Open Source Mainboards

Before we can implement the ethernet connection I have to mention one exception of the open source mainboard from GHI electronics: Once you start up Visual Studio, create a new Gadgeteer project and drag the ethernet module into the Visual Designer you get an error message. Well don’t be frustrated and skip the step, you don’t need it, if you have flashed the Ethernet firmware to the board, the ENC28 module is basically hardwired to the micro controller board. Just use it!

Implementation

The following source code will initialize the ethernet module and is originally GHI Electronics and available on their Codeshare page. I just added some debug lines to output the acquired IP address and so on. GHI Electronics again state, that the code will only work on the Cerberus and not the Hydra. Well what can I say, I tested it and it just works.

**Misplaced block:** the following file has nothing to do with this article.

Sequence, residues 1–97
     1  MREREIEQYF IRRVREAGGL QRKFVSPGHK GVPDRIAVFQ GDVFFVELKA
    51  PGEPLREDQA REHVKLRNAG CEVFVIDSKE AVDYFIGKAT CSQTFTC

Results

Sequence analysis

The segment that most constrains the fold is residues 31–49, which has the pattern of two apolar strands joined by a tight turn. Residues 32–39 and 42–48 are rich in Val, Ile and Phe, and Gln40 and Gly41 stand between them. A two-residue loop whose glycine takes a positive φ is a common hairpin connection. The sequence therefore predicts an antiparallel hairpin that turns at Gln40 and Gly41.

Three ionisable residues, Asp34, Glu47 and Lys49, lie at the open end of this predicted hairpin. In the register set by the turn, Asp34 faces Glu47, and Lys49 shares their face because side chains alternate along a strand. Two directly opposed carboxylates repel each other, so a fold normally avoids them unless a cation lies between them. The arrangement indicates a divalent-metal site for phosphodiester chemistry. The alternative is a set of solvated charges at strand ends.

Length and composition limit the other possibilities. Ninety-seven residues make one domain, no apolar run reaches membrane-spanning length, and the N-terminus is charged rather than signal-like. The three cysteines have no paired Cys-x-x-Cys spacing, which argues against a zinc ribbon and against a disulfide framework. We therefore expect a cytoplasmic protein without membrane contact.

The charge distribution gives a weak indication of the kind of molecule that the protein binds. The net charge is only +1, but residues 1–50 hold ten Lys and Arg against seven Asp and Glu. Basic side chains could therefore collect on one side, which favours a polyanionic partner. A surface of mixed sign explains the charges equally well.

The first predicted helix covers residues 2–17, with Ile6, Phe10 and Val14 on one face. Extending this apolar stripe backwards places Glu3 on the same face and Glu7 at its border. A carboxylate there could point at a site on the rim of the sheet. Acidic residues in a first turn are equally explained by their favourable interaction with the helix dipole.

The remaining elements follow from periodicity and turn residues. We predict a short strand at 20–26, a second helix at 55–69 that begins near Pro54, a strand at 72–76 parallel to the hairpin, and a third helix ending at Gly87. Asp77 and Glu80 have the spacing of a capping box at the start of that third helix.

private string InitNetwork()
{
    Debug.Print("Initializing network...");
    string ipAddress = string.Empty;
    NetworkInterface[] interfaces = NetworkInterface.GetAllNetworkInterfaces();
    if (interfaces != null && interfaces.Length > 0)
    {
        NetworkInterface networkInterface = interfaces[0];
        Boolean isDhcpWorked = false;

        // dynamic IP address
        if (networkInterface.IsDhcpEnabled == false) networkInterface.EnableDhcp();
        // Wait for DHCP (on LWIP devices)
        for (int i = 0; i < 5; i++)
        {

            networkInterface = NetworkInterface.GetAllNetworkInterfaces()[0];
            if (networkInterface.IPAddress != "0.0.0.0")
            {
                isDhcpWorked = true;
                break;
            }

            Debug.Print("Waiting for an IP Address...");
            Thread.Sleep(1000);
        }